Writing for Restoration

This is the second of a two-part series by Terrence Sampson. Terrence was incarcerated in 1989 at the age of 12, and is now serving the 25th year of a 30-year sentence. He has recently begun to pursue restoration through writing and Publication, and discusses his practice below. Terrence holds a Master’s degree in English Literature from the University of Houston-Clear Lake.  —bM

At the age of 17, I was sent to one of the most violent prison units in the state of Texas.

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On Not Publishing Dissertations

http://www.flickr.com/photos/michaelhenderson/866523877/Last July, the American Historical Association issued a statement suggesting that doctoral students be given the option to withhold dissertations from online public access for up to six years. The broad circulation of such work in databases like Proquest’s, it claimed, limits the ability of young scholars to secure publishing contracts for their dissertations in revised form. The AHA’s approach was criticized as running counter to the scholarly mission of sharing research. But what do university presses think of the embargoes? Laurie Matheson, Editor-in-Chief of the University of Illinois Press, shares her perspective.   —bM

Does the rise of ProQuest and similar online databases make it more difficult for scholars to publish books based on their dissertations? Most definitely.

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Digitization for Research and Scholarly Communication

Mara Wade’s contribution to the IPRH blog was prompted by a series of serendipitous conversations on the local bus. In this post, Prof. Wade uses her work with Emblematica Online, an online resource for emblem studies, to explain how digitization can inspire, aid, and shape research.  —bM

It really pays to ride the bus. That’s how several conversations about the IPRH blog and its theme of Publication evolved, and among them, some of the intellectually most productive discussions of this semester.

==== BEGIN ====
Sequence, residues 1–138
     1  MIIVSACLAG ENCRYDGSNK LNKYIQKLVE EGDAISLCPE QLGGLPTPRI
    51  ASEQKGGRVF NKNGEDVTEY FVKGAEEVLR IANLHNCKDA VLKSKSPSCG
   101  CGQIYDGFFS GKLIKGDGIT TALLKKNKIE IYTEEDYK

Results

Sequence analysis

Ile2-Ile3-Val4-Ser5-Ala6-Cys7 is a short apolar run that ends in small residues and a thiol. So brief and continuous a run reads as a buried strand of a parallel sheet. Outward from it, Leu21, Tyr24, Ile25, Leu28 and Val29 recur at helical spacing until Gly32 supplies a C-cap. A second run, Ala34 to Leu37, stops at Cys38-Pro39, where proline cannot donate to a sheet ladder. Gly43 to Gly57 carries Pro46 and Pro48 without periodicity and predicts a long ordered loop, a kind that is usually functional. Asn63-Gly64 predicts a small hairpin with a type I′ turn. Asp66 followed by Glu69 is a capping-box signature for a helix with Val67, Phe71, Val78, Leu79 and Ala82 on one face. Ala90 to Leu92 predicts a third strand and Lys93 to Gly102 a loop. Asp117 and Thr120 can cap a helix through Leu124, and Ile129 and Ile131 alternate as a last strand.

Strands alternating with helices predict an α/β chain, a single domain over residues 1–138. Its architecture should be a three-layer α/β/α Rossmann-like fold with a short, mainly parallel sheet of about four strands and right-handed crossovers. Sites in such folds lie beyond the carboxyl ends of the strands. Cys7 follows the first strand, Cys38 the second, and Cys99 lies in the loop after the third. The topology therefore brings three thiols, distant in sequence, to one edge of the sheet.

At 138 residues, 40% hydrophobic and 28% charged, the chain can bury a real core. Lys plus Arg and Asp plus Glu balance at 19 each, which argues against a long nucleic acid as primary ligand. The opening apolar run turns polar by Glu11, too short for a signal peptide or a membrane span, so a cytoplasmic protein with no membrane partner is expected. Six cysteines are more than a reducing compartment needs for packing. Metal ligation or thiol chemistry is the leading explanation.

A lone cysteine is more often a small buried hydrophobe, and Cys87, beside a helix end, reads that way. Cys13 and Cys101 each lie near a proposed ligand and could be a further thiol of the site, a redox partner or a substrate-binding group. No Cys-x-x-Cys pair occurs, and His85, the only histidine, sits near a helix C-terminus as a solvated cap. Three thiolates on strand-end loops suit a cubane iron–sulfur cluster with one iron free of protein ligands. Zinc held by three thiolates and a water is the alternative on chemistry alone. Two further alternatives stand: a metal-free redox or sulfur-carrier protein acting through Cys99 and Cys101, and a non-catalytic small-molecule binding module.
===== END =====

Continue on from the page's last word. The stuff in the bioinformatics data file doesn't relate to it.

This posting treats digitization as a research activity and addresses issues central to digital scholarship and publication. While scholars love finding just the book they need in Internet Archive, Hathi Trust, Project Gutenberg, or Google Books, digitization alone does not answer research questions. The National Endowment for the Humanities (NEH), for example, does not fund digitization for its own sake, but only within larger programs of research. While funding agencies understand, of course, that in some cases one must build a digital corpus in order to conduct research, digital scholarship seeks to reap the benefits of digitization.

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The Look of Winning

P.K. Subban

Photo by Jared Wickerham/Getty Images.

P.K. Subban of the Montreal Canadiens (left) stares down racist tweets after scoring the winning goal in a double-overtime playoff game against the Boston Bruins on May 1st, 2014.

According to the CBC, a media monitoring company reported that “the N-word and Subban’s name were used in conjunction on 17,000 tweets yesterday.”

Public tweets are archived by the Library of Congress, collected as part of our cultural heritage.